• When associated with appropriate clinical features (ie, personal history of cardiac arrest, polymorphic VT, non-vagal syncope, positive family history of sudden death at an early age, etc.) — then spontaneous occurrence of a Brugada-1 ECG pattern is diagnostic of Brugada Syndrome. On the other hand — isolated occurrence of a Brugada-2 pattern is non-diagnostic, although when associated with other features, it may raise clinical suspicion and warrant pharmacologic challenge and/or referral to EP cardiology.

For More on Brugada ECG Patterns:
  • Dr. Smith’s March 26, 2015 post has great illustrations reviewing assessment for a Brugada-2 ECG pattern.
  • My 29-minute ECG Video on the topic reviews the basics of recognizing Brugada-1 and Brugada-2 patterns, with detailed discussion of Brugada Syndrome.

Regarding Malposition of Leads V1 & V2:
Dr. Smith’s suspicion of lead malposition in this case was invaluable for accurate diagnosis. He then confirmed his suspicion by checking the patient himself to see where the V1, V2 electrodes had been placed — and followed this up by repeat ECG that revealed the patient’s “true” ECG.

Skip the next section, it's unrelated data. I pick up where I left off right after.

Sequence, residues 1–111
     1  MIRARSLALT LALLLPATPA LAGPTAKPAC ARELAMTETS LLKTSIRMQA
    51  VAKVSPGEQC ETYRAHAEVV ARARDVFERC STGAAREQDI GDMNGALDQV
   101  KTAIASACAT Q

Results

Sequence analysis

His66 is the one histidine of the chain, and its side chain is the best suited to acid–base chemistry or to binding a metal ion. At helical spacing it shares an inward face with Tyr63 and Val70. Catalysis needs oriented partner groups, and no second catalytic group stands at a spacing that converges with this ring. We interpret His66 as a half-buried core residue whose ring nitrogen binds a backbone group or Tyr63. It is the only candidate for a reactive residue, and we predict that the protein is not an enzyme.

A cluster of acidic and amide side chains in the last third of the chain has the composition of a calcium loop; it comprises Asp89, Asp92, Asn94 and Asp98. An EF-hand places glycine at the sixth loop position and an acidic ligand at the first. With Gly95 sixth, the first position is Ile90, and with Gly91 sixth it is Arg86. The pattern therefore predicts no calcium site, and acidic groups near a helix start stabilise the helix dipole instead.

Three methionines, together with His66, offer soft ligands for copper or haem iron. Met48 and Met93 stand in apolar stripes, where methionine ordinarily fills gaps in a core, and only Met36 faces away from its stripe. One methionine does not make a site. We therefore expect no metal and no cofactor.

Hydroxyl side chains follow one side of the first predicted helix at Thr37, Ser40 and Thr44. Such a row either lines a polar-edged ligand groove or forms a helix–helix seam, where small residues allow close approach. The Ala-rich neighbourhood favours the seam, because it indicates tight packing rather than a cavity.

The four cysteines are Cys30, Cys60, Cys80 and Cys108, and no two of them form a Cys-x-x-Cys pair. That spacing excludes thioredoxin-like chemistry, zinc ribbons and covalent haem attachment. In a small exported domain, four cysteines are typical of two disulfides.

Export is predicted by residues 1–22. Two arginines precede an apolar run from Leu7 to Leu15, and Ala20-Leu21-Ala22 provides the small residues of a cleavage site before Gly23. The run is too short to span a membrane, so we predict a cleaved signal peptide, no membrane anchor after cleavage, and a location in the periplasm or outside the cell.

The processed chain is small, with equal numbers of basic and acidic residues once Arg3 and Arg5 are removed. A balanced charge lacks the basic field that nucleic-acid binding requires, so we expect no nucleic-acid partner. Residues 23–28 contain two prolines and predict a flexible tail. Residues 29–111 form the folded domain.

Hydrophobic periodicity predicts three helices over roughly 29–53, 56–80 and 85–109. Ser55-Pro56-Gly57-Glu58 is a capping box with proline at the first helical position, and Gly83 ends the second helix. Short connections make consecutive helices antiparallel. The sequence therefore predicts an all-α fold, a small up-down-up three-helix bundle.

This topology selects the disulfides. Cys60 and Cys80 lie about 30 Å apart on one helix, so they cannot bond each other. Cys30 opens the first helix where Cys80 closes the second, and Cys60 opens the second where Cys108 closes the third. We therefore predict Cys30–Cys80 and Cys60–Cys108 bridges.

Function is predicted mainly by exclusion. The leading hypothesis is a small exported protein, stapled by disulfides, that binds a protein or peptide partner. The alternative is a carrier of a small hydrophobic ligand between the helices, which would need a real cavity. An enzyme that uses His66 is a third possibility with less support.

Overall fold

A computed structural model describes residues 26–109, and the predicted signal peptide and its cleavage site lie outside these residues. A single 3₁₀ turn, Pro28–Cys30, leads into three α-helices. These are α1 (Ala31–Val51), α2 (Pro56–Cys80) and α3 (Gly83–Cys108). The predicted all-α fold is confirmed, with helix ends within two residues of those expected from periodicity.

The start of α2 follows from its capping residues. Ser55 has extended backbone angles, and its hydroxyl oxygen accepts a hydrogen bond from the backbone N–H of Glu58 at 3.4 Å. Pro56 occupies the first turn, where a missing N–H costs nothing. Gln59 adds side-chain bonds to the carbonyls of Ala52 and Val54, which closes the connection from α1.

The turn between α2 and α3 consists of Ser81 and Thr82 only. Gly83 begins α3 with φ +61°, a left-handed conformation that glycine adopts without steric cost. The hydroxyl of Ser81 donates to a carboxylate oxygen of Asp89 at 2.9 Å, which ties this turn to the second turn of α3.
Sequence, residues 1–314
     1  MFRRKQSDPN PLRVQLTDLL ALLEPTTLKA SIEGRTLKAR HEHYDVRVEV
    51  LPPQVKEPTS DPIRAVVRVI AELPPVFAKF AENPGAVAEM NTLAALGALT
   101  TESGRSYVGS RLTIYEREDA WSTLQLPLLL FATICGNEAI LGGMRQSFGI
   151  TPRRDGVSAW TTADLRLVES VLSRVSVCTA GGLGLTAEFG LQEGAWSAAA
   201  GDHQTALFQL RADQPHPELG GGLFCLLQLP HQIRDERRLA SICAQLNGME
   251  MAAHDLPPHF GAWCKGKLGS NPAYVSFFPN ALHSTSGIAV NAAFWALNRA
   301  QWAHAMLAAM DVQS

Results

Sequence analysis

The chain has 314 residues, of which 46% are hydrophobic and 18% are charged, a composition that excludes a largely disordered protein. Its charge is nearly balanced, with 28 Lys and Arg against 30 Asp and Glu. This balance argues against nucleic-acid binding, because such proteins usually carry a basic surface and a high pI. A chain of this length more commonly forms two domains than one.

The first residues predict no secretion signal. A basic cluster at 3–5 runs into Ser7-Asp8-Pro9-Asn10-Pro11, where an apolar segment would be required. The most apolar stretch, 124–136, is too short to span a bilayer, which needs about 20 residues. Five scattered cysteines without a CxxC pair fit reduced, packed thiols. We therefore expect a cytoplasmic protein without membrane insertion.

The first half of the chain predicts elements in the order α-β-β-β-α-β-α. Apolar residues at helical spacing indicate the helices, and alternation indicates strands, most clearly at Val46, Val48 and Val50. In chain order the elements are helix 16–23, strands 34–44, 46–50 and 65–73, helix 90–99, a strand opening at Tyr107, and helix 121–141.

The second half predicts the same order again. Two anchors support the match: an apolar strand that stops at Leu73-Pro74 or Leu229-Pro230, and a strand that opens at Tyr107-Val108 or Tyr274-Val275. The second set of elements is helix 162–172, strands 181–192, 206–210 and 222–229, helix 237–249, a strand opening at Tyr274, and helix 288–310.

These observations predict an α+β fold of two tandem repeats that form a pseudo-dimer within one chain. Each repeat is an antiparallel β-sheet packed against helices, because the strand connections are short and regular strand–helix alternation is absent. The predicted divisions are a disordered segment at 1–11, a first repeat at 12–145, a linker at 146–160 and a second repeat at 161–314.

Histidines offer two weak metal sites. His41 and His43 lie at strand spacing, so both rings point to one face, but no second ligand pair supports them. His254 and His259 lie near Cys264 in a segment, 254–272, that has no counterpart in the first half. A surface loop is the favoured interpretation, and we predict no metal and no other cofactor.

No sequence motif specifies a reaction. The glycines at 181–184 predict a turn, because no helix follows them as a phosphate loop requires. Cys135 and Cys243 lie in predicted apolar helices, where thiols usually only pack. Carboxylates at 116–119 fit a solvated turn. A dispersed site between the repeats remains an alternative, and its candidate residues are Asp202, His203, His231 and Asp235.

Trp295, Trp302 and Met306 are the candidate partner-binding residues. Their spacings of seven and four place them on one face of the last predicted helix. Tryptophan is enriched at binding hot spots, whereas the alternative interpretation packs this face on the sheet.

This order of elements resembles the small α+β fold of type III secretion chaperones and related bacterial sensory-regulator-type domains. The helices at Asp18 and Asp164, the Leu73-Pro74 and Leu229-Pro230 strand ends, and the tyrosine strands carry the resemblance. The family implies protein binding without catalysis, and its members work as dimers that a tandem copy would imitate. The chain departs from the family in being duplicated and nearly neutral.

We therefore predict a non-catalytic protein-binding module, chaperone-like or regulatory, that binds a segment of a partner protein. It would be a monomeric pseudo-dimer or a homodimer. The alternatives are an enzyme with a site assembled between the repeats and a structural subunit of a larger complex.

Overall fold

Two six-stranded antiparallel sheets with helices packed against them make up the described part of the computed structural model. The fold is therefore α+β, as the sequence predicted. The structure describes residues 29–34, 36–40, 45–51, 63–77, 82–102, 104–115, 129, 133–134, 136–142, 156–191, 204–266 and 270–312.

• We’ve previously reviewed clues to quickly Recognize V1, V2 Misplacement (Click HERE).
  • I was admittedly less suspicious about lead V1,V2 misplacement in this case — because: iThe negative component of the P wave in lead V2 is relatively modest; iiThe P wave and QRST morphology in leads V1 and V2 looks quite different from the all-negative P wave and QRST complex appearance in lead aVR; andiiiThe distinct terminal S waves in both leads I and V6 suggested to me that the r’ in leads V1 and V2 might simply be explained by the presence of incomplete RBBB. That said, Dr. Smith’s suspicion was correct — and the saddleback pattern disappeared on the repeat ECG.

ECG #2Some Unusual Findings: